Business software that sparks joy.
June members using Texts
My first love story with a desktop chat client that aggregates all my messages was Franz 2.0 (in 2016 gosh!). I remember using it to connect my professional channels: Slack, WhatsApp, Skype, Hangouts. Back then social apps weren’t that widespread.
Since then the world has changed. The frontiers between personal and professional communication apps are thinner. We use WhatsApp to talk to businesses. We use iMessage to support beta customers, Twitter DM to meet investors, etc.
The best experiences won our hearts. iMessage and WhatsApp became so good for me, that I default to using them whenever I can.
This is where Texts come into play.
Texts vision is great because it’s simple:
“ Texts aims to build the ultimate messaging app that brings together your messages from multiple platforms into one app.”
When Ferruccio introduced me to Texts he said:
“it’s like Franz, but for your personal messages, and with a delightful layer on it”.
Texts supports iMessage, WhatsApp, Telegram, Signal, Messenger, Twitter, Instagram, LinkedIn, etc. Keeping track of all the messaging apps is such a headache. I had to try it!
The product is still in beta but it's already impressive. All integrations use the Texts Platform SDK. Ensuring a great delivery rate is a more complex problem than you’d think.
Last year Rahul Vohra (CEO @ Superhuman) gave a talk for YC Winter 21 batch. During this talk, he mentioned why it took Superhuman more than a year to launch. In short email delivery had to be close to 100% otherwise people would not adopt their product. Getting delivery close to 100% is hard, extremely hard.
It feels like Texts nailed its stability. At least I haven't noticed any issues between Texts and other messaging platforms.
Texts creates scarcity with a limit of 2 invites per user. They sometimes renew these invites for what seems to be their best referrers. This is smart for two reasons:
1. Scarcity creates demand (you want what's hard to get)
2. People who refer 2 people are more likely to be product lovers and send more invites if you renew them
Texts provides a set up of features inspired by email clients. Making mobile native communications compatible with your desktop habits is slick.
This is what may make you switch and stick to Texts.
Mute and Snooze messages
CMD + K
Texts got inspired by web email clients but also went further than that. One of the very unique features they have is the “Stealth mode”. This mode lets you keep messages unread until you reply. Also your correspondent won't see that you opened their message.
Stealth mode improves productivity. It lets you open messages and come back later without having to do anything (no "mark as unread" needed). It’s also a pleasant experience for your correspondent that won’t feel offended as she won’t see you open their message.
Gen Y (my generation) was all about alerting people about read status. We pushed that far (too far?) for the sake of increasing app engagement.
People understood the trick, they want less stress.
Search across all your inboxes
This is a killer use case.
Sometimes you remember someone sharing something with you, but you don’t remember where it was. So you open several messaging platforms. Use the search. Repeat until you find what you’re looking for.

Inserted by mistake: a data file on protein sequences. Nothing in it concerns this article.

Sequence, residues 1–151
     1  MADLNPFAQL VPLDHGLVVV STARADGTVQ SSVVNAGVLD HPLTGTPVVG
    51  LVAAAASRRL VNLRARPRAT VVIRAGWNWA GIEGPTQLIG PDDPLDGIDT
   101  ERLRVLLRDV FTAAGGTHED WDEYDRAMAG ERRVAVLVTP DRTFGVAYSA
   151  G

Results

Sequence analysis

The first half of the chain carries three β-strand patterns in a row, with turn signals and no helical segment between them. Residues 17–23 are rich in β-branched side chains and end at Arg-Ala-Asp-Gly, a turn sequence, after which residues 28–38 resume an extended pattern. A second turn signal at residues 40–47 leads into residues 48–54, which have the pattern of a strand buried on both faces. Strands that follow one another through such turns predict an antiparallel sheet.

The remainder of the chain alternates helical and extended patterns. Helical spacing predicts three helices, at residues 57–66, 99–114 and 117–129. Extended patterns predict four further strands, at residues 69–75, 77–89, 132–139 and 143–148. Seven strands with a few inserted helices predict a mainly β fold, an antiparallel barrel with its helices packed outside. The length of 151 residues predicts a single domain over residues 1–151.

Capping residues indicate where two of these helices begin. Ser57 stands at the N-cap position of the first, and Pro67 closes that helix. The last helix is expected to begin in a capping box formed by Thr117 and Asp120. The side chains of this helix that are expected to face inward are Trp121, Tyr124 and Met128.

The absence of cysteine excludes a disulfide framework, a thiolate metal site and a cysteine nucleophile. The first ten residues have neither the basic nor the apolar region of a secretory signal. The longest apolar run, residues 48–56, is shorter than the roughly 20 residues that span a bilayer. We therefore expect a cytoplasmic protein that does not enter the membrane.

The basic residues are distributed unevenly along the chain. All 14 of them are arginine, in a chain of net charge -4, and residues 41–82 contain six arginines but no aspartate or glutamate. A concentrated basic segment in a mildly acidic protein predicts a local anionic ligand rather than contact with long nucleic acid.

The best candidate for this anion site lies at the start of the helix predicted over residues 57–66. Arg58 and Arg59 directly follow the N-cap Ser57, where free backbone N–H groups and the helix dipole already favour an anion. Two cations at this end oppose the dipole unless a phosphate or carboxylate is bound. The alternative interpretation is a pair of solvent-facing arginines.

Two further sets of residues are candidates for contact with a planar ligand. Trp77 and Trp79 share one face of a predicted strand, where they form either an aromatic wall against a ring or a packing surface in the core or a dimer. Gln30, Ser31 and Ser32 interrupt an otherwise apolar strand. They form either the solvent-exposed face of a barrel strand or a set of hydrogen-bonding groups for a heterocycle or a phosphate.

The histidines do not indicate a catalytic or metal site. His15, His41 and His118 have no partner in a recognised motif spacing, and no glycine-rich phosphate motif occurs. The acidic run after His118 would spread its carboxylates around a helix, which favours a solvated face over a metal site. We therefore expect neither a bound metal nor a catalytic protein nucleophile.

Texts had a search that is agnostic.
You can search once, pick “all” platforms, and it will search across all your apps, at once.
I love the people grid. iMessage first introduced that as far as I know.
I have a hard time communicating regularly with the ones I love.
The best way I found to hack myself to do it is seeing people's faces. Looking into a grid of faces trigger some emotions for me. This emotion pushes me to pick someone and shoot them a quick thoughtful message.
As much as I love this feature in iMessage the screen size limits the number of people I can see. Texts has a large mosaic.
A desktop client also fits more into working habits.
Now some nice little details.
Settings in the chats
Products with a consistent layout are the easiest to learn for people. They're also easier to maintain for the engineering team.
Texts keeps a consistent layout almost whatever you do. For instance, the settings are accessible with the messages being visible. This is cool as it lets people switch back to a conversation in 1-click.
Something that fascinates me is how much you can put into a UI with three vertical layers.
The hack to bring you back
Texts has a chrome extension. I’m not using it but it reminds of the one from Superhuman which aims to bring you back to their product.
For instance Texts extension puts an icon on Twitter DM to open Texts. Superhuman did something similar. They pop up an overlay when you open Gmail to urge you to use go back to Superhuman instead.
This isn't especially delightful, but a nice growth hack.
Direct channel with the founder
Talk with anyone who has Texts, they'll tell you if you have a question write to Kishan (Texts' founder) in the app.
Before writing this piece I reached out to him asking if he was fine if I shared some beta screens. I used the "I have a feedback" form, then this happened:
Kishan replied in 3 minutes, in an iMessage.
Having an SMS conversation with the founder of a product you use feels magical 🪄
If iMessage had a widget I could embed on June - without going through a complex Business account setup - I would use it.
How much does it cost?
Texts is still in free beta.
Their announced price should be 15$ for personal usage, and 30$ for work in the coming months. Stay tuned for official communications.
SOC 2 Type II